The cottages fell into disrepair and were condemned as the toilets were tub toilets so the residents were forced to move out. John Boyle had the opportunity to purchase the cottages but decided against it. Wilkinson’s went bust and Mr Boyle bought the farm.
Eventually, Jimmy Graham, who lives at Le Mar off Marsh Lane, bought the derelict cottages and they are now rented out. He put a septic tank in for them to bring the toilets up to modern standards. Numbers 9 and 10 were converted into a single cottage by a man named Harold (I am not sure of his last name). My late husband and I lived in the “new” cottage for around 3 years between 2000 and 2003 until being required to sell it owing to my husband Parkinson’s disease and the need for a bungalow.
Numbers 11 and 12 were once an old beer house. The sign is painted on to the gable end but unfortunately is now rendered over. There are allotments further on for all the cottages. My father told me when he was a child there was a gambling school at the top of the field by the wood top.
My father was born in 1903 at Wood Nook Farm in a cottage at the back. My grandfather used to make teas for people who walk around on Sundays. There was a woodcutter who came every winter and lived in a stone hut in the woods.
Wood Nook Farm and Park Woods were owned by Lord Savile and my grandfather had to maintain the walls around the wood. There is a large boulder type stone in the wood near the far end, before you get to the Roman Road. The boulder has an old cross carved into it and it is said John Eland is buried beneath it. The boulder is called the Wishing Stone and there is a flat stone slab in front of it.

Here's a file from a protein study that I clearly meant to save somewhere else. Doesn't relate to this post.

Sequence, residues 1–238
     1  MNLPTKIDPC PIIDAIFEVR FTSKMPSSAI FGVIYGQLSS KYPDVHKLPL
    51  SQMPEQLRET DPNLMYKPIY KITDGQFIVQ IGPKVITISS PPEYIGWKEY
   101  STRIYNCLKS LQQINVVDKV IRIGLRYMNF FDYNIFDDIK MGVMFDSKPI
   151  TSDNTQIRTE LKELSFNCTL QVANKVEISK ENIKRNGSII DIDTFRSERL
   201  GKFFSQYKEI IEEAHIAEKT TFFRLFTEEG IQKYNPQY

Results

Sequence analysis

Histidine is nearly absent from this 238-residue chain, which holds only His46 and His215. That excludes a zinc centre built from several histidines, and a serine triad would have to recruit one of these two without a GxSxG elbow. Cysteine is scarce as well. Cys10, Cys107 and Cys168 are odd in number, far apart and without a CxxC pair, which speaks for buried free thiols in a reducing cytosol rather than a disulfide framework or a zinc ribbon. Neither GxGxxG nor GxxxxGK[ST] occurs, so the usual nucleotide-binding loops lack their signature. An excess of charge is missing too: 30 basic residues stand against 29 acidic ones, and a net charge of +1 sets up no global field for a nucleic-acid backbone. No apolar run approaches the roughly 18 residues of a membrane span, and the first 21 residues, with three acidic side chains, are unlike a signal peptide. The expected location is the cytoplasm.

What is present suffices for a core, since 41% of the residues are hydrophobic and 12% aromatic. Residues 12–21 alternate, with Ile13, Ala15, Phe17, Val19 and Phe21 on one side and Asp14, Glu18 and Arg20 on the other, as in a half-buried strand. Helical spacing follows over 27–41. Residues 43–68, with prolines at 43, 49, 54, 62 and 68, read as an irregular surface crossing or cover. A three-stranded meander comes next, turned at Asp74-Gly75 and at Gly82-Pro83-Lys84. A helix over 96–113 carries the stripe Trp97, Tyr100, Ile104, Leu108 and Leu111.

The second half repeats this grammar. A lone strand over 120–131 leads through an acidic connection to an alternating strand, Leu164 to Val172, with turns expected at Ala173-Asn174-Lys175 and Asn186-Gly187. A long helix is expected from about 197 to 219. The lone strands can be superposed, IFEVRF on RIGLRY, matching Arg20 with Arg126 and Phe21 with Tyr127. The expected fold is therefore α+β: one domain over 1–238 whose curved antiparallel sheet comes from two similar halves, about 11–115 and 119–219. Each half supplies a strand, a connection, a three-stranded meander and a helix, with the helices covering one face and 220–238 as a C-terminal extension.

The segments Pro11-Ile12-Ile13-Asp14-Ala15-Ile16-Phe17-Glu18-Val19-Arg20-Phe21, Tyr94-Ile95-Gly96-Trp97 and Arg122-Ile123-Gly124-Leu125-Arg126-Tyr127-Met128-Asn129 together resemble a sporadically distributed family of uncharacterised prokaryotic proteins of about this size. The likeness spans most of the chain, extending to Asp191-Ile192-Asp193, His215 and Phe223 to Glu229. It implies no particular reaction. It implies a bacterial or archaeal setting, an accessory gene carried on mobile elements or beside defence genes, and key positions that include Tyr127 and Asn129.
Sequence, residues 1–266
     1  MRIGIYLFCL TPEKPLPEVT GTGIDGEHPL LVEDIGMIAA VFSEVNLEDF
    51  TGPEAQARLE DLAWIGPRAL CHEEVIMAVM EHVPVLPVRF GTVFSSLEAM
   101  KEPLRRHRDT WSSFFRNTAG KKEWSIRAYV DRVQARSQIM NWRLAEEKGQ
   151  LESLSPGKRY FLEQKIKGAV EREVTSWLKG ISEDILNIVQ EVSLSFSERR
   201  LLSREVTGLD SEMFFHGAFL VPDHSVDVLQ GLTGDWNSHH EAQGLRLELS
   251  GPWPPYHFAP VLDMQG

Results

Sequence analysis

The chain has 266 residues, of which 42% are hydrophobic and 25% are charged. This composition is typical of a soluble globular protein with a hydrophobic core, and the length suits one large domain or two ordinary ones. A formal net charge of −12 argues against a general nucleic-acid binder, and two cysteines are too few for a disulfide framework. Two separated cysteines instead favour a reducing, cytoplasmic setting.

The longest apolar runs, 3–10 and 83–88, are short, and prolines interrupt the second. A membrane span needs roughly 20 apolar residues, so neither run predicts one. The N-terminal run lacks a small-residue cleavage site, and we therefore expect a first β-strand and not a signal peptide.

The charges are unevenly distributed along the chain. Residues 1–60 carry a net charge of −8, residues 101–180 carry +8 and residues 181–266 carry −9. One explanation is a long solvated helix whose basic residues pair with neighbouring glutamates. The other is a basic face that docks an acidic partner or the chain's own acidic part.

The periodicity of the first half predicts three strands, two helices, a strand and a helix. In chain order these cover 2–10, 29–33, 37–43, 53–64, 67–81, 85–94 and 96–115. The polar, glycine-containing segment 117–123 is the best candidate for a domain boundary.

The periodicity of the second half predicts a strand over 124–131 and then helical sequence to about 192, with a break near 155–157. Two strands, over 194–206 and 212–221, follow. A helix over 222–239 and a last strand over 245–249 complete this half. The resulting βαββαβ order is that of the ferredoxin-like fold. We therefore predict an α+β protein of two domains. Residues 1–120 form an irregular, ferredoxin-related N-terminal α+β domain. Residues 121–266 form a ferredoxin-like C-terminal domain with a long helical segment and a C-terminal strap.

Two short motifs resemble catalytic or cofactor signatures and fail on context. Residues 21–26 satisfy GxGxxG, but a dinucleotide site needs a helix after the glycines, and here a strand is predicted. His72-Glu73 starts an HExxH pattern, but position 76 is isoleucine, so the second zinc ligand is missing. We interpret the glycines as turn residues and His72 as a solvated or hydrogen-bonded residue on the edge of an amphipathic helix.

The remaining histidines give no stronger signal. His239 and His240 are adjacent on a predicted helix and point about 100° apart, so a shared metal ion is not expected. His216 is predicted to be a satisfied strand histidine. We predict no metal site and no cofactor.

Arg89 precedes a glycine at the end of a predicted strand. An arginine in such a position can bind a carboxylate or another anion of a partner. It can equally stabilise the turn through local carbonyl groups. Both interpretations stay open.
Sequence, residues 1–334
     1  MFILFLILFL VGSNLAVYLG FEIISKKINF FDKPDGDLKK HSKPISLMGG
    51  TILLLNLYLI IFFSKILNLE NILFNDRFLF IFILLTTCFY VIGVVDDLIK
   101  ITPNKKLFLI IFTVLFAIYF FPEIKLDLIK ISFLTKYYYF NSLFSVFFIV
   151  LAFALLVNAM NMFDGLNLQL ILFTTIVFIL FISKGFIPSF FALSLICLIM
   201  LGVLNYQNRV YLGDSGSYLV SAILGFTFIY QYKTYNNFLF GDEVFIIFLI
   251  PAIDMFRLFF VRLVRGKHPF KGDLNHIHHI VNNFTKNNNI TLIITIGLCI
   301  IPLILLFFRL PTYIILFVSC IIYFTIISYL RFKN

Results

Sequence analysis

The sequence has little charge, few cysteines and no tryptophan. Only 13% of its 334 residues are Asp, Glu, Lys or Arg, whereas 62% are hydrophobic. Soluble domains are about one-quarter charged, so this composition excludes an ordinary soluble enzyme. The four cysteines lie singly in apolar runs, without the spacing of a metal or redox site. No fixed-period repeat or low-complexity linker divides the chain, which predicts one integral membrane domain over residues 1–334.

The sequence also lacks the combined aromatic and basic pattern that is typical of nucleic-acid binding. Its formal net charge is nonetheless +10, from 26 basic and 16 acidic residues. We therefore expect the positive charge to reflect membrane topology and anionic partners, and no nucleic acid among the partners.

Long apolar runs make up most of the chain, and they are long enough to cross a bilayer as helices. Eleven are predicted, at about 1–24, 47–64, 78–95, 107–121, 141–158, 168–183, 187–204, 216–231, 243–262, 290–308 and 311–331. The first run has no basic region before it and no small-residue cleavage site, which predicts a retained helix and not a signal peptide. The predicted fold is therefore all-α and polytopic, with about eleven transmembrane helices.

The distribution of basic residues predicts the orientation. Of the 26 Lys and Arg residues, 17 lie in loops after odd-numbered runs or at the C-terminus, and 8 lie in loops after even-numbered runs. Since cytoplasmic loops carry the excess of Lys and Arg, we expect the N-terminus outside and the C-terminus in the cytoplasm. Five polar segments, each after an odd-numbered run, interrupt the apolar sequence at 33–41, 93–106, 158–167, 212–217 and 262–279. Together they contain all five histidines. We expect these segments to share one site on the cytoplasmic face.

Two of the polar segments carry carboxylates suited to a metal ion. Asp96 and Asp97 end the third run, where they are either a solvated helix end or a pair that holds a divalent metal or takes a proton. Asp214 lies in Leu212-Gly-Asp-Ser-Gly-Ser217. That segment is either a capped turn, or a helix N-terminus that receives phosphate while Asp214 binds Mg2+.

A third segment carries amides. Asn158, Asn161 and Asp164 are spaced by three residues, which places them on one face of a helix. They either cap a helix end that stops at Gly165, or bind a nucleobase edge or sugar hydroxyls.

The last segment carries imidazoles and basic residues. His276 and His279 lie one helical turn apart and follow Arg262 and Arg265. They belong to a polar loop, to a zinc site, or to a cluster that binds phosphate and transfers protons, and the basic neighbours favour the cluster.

My Father purchased Wood Nook Farm from Lord Savile in 1931. My grandfather was called Henry Mitchell and was brought up in Glenster Hall above Siddal. Where Shackleton’s scrap dealers used to be located, there were several cottages. My great-grandfather had the butcher’s shop there.
picture from geography website
written by Jean Haman nee Mitchell
Nook of tranquility
Park Nook was a quiet and peaceful place in the days between the wars.
It is an isolated hamlet, usually thought of being part of Southowram, but is in fact within the Elland boundary. At the end of a farm track and consisting of a cluster of hillside cottages, Park Nook was long regarded as one of the district's hidden gems and an oasis of tranquility not far away from two industrial towns. But during the 1970s, Park Nook was to become one of the most controversial corners of Calderdale. And it took Michael Heseltine to arbitrate on its future!
By the beginning of the 1970s, it was decided by council officials that Park Nook did not meet modern standards for habitation. The former Elland Council tried but failed to modernise the cottages. When Calderdale Council took over in 1974, the future of Park Nook was endlessly debated and residents were left in a limbo.
Eventually, the council decreed that the cottages should be demolished, but some residents fought back and in 1980 made a submission to the Historic Buildings Bureau of the Department of the Environment, headed at the time by Micheal Heseltine. He blocked the demolition.
Park Nook's fate was a bittersweet one. One block of cottages, those seen in the right foreground of the picture above, were painstakingly renovated, but most of the rest were abandoned and are now in a state of delapidation, with ivy creeping over the ruins ......
Watch this space....
Siddal Top Farm